Sorry to use the `e' word but does vim have similar to cperl

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Sorry to use the `e' word but does vim have similar to cperl

Harry Putnam
Any one here familiar with emacs cperl mode, that can tell me how to
get something similar when using vim?

If not familiar, `cperl-mode' trys to offer a host of short cuts that insert
quite a bit of standard code for you... a simple example is; if you
type `if<spc>' `cperl-mode' inserts:

  if (_) {
  }

With the underscore indicating where the cursor is left.

I vaguely remember using something with vim, years ago, that did
something similar, but no longer remember how to load that sort of
thing.

With my current vim setup (just the basic install on debian using
`aptitude install vim'), plus a .vimrc carted around from OS to OS for
years.

If opening a perl script, I get syntax highlighting but when coding I
get no help... no tricky inserts or the like.

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Re: Sorry to use the `e' word but does vim have similar to cperl

Shawn H Corey
On Fri, 25 Aug 2017 20:30:14 -0400
Harry Putnam <[hidden email]> wrote:

> Any one here familiar with emacs cperl mode, that can tell me how to
> get something similar when using vim?
>
> If not familiar, `cperl-mode' trys to offer a host of short cuts that
> insert quite a bit of standard code for you... a simple example is;
> if you type `if<spc>' `cperl-mode' inserts:
>
>   if (_) {
>   }
>
> With the underscore indicating where the cursor is left.
>
> I vaguely remember using something with vim, years ago, that did
> something similar, but no longer remember how to load that sort of
> thing.
>
> With my current vim setup (just the basic install on debian using
> `aptitude install vim'), plus a .vimrc carted around from OS to OS for
> years.
>
> If opening a perl script, I get syntax highlighting but when coding I
> get no help... no tricky inserts or the like.
>

Do you mean key mappings$ Type the following and press ENTER:

:help map


--
Don't stop where the ink does.

        Shawn H Corey

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Re: Sorry to use the `e' word but does vim have similar to cperl

Shlomi Fish-2
In reply to this post by Harry Putnam
On Fri, 25 Aug 2017 20:30:14 -0400
Harry Putnam <[hidden email]> wrote:

> Any one here familiar with emacs cperl mode, that can tell me how to
> get something similar when using vim?
>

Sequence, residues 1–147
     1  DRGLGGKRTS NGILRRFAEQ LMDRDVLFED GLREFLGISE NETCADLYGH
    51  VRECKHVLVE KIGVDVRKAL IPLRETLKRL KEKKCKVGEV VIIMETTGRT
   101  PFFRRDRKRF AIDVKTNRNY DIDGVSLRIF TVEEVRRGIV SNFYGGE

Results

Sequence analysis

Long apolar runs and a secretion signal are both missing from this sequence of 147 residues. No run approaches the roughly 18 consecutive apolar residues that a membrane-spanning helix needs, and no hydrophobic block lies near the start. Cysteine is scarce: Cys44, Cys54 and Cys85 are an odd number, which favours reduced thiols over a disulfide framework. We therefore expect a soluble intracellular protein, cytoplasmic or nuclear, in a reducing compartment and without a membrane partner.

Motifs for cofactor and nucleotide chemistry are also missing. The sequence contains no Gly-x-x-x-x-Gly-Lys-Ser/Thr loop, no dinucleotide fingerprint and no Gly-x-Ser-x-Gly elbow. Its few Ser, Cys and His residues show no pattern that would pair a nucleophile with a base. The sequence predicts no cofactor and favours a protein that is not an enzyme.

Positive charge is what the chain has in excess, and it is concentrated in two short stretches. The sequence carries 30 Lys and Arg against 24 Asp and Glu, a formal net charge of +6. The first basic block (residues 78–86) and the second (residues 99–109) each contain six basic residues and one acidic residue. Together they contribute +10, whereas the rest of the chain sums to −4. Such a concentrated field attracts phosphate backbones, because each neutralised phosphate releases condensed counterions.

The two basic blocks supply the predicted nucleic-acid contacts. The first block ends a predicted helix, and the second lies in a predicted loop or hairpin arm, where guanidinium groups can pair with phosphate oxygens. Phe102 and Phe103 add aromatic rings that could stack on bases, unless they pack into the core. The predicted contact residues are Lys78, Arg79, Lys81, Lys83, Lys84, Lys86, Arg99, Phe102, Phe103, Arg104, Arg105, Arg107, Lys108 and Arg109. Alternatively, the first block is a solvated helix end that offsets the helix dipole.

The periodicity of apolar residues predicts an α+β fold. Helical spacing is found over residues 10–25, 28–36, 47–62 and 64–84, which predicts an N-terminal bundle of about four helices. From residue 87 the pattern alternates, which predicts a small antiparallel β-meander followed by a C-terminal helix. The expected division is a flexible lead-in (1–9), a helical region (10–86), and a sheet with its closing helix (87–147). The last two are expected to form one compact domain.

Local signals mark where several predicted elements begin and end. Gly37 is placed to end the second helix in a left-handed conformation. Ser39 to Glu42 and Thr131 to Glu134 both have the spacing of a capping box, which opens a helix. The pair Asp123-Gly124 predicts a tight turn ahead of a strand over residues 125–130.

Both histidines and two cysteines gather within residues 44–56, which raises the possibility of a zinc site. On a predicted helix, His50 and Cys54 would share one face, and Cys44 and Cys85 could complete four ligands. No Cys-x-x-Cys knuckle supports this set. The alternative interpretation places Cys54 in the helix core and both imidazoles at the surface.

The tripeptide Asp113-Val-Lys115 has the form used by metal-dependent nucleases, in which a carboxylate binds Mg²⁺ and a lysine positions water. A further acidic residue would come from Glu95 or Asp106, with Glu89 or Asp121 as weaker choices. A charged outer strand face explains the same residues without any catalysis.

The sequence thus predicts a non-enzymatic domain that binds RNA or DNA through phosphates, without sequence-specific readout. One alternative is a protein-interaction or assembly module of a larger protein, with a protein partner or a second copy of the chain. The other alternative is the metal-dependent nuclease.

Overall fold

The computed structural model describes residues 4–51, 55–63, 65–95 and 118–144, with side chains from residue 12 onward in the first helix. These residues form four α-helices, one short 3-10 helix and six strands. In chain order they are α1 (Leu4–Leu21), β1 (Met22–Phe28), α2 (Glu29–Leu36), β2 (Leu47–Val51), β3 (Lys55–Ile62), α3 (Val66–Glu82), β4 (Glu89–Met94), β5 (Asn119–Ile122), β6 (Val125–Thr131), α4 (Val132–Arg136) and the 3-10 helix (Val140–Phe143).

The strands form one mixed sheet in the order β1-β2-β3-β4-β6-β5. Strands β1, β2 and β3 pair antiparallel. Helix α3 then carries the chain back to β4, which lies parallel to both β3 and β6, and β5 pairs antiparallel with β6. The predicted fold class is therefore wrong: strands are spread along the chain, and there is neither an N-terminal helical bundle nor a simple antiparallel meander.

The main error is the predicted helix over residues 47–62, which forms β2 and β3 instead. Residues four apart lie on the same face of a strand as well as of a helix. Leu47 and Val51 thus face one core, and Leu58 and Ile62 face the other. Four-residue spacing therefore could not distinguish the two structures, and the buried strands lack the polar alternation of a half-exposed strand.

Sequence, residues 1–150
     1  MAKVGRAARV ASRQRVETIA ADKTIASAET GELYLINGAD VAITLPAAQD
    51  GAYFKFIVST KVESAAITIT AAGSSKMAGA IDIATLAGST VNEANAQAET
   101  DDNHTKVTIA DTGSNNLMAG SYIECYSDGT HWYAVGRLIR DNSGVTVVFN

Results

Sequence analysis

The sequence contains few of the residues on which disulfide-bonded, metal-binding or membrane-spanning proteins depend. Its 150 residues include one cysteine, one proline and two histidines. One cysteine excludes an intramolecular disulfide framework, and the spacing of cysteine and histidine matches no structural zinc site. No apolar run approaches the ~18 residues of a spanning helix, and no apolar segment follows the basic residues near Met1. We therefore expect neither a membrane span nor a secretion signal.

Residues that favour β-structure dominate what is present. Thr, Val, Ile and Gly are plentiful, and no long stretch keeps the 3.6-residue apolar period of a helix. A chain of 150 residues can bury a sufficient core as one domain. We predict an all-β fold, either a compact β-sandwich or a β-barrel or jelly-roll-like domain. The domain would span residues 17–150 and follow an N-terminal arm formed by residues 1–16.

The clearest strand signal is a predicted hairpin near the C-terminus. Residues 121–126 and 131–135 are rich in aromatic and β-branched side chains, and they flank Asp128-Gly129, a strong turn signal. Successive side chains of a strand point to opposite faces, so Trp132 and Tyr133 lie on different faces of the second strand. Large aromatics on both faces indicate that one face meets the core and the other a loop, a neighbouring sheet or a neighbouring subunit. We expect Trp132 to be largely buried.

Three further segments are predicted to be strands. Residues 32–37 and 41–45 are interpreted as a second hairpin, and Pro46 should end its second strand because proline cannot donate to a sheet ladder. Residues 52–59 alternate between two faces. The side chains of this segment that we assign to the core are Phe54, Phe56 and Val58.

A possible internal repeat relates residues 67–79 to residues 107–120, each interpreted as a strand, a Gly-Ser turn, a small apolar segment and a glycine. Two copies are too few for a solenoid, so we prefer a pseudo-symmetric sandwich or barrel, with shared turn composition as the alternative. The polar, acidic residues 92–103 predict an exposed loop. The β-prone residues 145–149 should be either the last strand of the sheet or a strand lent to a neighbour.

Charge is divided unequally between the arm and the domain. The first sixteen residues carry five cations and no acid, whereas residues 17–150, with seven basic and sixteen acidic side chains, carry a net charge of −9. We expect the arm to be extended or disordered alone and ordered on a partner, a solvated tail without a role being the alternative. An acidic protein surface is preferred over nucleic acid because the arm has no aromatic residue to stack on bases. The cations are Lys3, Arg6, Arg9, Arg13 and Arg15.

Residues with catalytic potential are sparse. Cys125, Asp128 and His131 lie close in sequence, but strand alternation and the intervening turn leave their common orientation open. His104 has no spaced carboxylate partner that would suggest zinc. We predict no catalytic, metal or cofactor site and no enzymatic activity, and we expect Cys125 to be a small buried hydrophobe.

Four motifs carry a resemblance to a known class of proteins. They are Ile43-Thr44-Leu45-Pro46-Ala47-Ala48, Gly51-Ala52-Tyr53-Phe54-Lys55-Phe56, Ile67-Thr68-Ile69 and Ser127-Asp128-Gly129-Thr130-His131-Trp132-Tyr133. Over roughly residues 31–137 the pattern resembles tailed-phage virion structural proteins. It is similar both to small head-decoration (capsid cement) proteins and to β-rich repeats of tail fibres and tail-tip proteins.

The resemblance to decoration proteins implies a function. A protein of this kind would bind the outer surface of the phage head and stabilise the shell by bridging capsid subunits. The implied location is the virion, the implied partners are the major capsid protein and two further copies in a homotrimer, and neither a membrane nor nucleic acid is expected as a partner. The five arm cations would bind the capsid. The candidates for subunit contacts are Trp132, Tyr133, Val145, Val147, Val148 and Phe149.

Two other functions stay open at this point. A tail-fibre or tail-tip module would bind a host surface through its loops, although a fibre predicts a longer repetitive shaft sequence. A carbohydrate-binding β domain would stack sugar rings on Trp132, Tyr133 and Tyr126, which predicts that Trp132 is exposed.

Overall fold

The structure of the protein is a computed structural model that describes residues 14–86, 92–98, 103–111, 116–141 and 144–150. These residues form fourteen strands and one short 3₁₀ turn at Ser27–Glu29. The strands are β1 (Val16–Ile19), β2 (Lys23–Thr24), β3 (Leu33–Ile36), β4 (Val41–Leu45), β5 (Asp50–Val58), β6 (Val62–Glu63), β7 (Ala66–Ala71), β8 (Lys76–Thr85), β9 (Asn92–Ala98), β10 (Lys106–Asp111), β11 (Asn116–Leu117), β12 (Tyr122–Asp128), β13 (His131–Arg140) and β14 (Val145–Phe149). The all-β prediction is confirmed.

> If not familiar, `cperl-mode' trys to offer a host of short cuts that insert
> quite a bit of standard code for you... a simple example is; if you
> type `if<spc>' `cperl-mode' inserts:
>
>   if (_) {
>   }
>
> With the underscore indicating where the cursor is left.
>
> I vaguely remember using something with vim, years ago, that did
> something similar, but no longer remember how to load that sort of
> thing.
>
> With my current vim setup (just the basic install on debian using
> `aptitude install vim'), plus a .vimrc carted around from OS to OS for
> years.
>
> If opening a perl script, I get syntax highlighting but when coding I
> get no help... no tricky inserts or the like.
>

I think UltiSnips can do what you want: https://github.com/sirver/UltiSnips .
There are similar alternative to it as well.

--
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Shlomi Fish       http://www.shlomifish.org/
http://www.shlomifish.org/humour/bits/facts/Emma-Watson/

Experience is what causes a person to make new mistakes instead of old ones.
    — Source unknown, via Nadav Har’El.

Please reply to list if it's a mailing list post - http://shlom.in/reply .

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Re: Sorry to use the `e' word but does vim have similar to cperl

Lifepillar
In reply to this post by Harry Putnam
On 26/08/2017 03:30, Harry Putnam wrote:

> Any one here familiar with emacs cperl mode, that can tell me how to
> get something similar when using vim?
>
> If not familiar, `cperl-mode' trys to offer a host of short cuts that insert
> quite a bit of standard code for you... a simple example is; if you
> type `if<spc>' `cperl-mode' inserts:
>
>    if (_) {
>    }
>
> With the underscore indicating where the cursor is left.
>
> I vaguely remember using something with vim, years ago, that did
> something similar, but no longer remember how to load that sort of
> thing.

If you want to use a built-in feature, you may use abbreviations (`:help
abbreviations`). In the simplest form:

     iab <buffer> if if () {<cr>}<c-o>2gE

You may want to put this in ~/.vim/after/ftplugin/perl.vim to make it
filetype-specific.

The above also inserts the space you type after `if`. You most likely
won't wanto that. You may type if<c-]> to expand the snippet without
inserting a space, or use the `Eatchar()` function described in Vim's
help.

If the cases in which you do *not* want `if` to be expanded, you may
type if<c-v><spc> to insert a literal space. Alternatively, give the
snippet a different name, like `if…` (… is <alt>-. in my keyboard).

Enjoy,
Life.


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Re: Sorry to use the `e' word but does vim have similar to cperl

Grady Martin
In reply to this post by Shlomi Fish-2
>I think UltiSnips can do what you want: https://github.com/sirver/UltiSnips .
>There are similar alternative to it as well.

I recently abandoned snippet plugins for leader mappings and now wonder how I ever justified entire plugins in the first place.  In my case, after/ftplugin/c.vim, for example, has a total of eight mappings and two abbreviations.  I do not feel short-changed.

nnoremap <leader>s iswitch ()<CR>{<CR>case :<CR>break;<CR><BS>case :<CR>break;<CR><BS>case :<CR>break;<CR><BS><BS>}<ESC>8k/:<CR>02kf(a

How to Do 90% of What Plugins Do (With Just Vim)
https://www.youtube.com/watch?v=XA2WjJbmmoM&t=2300s

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